Some budget experts said they were encouraged by these recent developments, although they remain skeptical that even regular order can bridge the differences between the two parties and the two chambers over spending, entitlements, taxes, agriculture and other issues.

“The fact that they finally called a conference between the House and Senate Budget Committees – very much after the fact – was I thought a step forward,” said Steve Bell of the Bipartisan Policy Center, a former Republican Senate adviser. “The fact that they’re now in conference on the AG bill is a step forward also.”

“Maybe – and I don’t want to be overly optimistic –  the events of the last three years and the distress that the appropriators have over not being able to get individuals bills may compel more tendency towards regular order in the next session,” he added.

Joseph Minarik, a former Clinton administration budget official, cautioned that “We may have regular order without anything actually being accomplished at the end of the day.”

“And it’s also not clear whether one would characterize a budget resolution conference occurring 31 days into the fiscal year in question as being regular order,” said Minarik.


The 22 senators and seven House members on the new special conference committee met for the first time Wednesday and pledged to work across party lines to fund federal departments and avoid another government shutdown early next year. Yet both sides agreed it would be difficult to overcome sharp differences on taxes, entitlement reform and replacing the across the board cuts under the sequester.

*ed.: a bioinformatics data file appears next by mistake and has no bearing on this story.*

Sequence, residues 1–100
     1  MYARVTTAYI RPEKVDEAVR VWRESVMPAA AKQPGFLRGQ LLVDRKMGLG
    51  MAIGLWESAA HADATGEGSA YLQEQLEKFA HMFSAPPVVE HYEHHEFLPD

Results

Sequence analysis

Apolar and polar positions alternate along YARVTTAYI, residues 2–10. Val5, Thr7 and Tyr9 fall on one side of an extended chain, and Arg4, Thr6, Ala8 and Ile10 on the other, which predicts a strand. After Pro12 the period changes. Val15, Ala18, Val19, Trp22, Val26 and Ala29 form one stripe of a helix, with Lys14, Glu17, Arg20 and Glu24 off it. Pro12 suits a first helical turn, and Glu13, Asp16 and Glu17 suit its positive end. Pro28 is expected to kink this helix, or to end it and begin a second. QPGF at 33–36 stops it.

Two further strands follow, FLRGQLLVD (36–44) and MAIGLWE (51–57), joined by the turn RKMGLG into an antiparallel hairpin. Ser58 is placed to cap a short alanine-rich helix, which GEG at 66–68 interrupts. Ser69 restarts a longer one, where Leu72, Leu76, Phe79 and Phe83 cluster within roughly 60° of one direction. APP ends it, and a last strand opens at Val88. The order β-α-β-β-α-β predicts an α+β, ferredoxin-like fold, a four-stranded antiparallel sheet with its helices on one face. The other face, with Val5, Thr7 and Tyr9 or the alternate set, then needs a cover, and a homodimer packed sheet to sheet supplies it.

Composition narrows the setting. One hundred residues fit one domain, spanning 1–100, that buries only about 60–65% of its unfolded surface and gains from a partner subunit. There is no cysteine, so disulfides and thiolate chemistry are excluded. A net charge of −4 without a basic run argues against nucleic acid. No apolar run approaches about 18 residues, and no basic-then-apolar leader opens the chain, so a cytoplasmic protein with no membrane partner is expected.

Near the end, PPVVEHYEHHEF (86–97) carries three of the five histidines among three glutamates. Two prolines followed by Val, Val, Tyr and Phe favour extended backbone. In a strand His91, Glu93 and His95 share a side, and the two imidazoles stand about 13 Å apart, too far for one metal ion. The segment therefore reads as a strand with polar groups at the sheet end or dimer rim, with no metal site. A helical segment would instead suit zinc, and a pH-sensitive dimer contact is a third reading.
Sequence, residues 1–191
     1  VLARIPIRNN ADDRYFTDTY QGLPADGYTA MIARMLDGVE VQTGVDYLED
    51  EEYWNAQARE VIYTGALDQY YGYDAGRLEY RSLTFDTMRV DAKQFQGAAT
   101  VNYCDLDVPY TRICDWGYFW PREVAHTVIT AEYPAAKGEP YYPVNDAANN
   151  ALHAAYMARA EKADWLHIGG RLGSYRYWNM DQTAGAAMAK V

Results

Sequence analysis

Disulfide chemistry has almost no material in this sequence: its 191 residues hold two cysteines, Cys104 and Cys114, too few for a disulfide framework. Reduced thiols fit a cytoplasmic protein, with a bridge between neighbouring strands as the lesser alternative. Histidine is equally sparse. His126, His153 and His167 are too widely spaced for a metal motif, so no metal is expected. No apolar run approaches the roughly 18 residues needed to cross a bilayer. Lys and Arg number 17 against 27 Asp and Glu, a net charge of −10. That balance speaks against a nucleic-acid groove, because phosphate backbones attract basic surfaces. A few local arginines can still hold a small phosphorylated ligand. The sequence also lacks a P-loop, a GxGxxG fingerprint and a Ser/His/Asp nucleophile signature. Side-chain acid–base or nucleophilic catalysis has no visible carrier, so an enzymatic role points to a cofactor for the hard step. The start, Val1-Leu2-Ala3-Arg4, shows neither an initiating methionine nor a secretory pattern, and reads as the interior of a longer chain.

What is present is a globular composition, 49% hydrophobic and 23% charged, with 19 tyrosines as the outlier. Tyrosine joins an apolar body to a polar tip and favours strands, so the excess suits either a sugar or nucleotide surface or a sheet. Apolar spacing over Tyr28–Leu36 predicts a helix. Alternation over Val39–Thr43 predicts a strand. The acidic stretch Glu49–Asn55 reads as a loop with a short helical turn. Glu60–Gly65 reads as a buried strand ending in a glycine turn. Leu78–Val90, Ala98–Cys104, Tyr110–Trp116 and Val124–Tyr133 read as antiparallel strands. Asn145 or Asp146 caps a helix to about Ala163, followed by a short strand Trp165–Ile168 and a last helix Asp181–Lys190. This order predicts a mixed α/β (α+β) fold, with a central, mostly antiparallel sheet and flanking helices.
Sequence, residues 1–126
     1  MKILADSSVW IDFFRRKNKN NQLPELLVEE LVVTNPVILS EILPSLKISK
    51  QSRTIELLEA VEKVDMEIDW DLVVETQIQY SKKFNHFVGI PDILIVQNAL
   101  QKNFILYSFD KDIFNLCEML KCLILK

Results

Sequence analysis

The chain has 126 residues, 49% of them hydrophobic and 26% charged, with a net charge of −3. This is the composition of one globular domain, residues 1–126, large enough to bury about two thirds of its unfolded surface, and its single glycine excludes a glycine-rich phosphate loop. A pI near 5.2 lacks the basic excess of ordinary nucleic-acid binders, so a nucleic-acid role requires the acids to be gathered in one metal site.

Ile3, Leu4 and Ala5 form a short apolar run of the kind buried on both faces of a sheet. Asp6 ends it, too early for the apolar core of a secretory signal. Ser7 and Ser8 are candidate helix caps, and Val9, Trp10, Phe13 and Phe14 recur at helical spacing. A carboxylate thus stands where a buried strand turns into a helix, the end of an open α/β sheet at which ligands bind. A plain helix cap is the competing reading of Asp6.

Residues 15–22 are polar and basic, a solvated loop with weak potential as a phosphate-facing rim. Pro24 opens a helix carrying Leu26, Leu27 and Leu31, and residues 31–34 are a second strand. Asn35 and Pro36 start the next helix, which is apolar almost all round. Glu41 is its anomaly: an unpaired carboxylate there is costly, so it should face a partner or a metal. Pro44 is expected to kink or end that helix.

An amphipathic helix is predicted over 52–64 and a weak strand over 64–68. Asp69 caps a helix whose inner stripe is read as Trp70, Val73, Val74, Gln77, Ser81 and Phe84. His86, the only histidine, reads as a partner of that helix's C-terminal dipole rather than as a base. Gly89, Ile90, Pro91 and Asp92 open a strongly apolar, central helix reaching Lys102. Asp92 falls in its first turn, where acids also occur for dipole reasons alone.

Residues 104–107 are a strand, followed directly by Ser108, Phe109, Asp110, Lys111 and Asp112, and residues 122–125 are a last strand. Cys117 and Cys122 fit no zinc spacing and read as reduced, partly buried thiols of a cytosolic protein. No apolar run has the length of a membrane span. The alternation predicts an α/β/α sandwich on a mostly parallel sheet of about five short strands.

“It won’t be easy,” said Senate Budget Committee Chairwoman Patty Murray (D-WA). “It will require both sides to step out of our comfort zones and ideological corners.”

Meanwhile, other senators and House members met Wednesday to begin resolving differences over their dueling farm bills. House Agriculture Committee chief Frank D. Lucas (R-OK) admonished his fellow negotiators:  “Let’s not take years to get it done.”

The concept of “regular order” is a nebulous one that has changed with the times. Traditionally it has meant playing by the rules and relying heavily on the byzantine congressional committee structure to shape the legislation and spending and tax measures that reach the floor.

More broadly, it means granting members leeway to offer amendments, getting budgets passed on time and allowing the appropriations committees adequate time to write their bills.

The turning point came after Newt Gingrich and his band of Republican revolutionaries swept to power in 1994. Shortly after he was ensconced as Speaker, Gingrich stripped the House committee chairmen of much of their power and autonomy. Gingrich and other top GOP leaders largely dictated legislative policy and tactics – including leading their members into two government shutdowns in late 1995 and early 1996. 

“It was a disaster,” recalls Bell. “Once the Speaker was able to essentially appoint chairmen or ranking minority members and it was no longer based on seniority, and all that power devolved to the Speaker, everything changed. Everything became irregular.”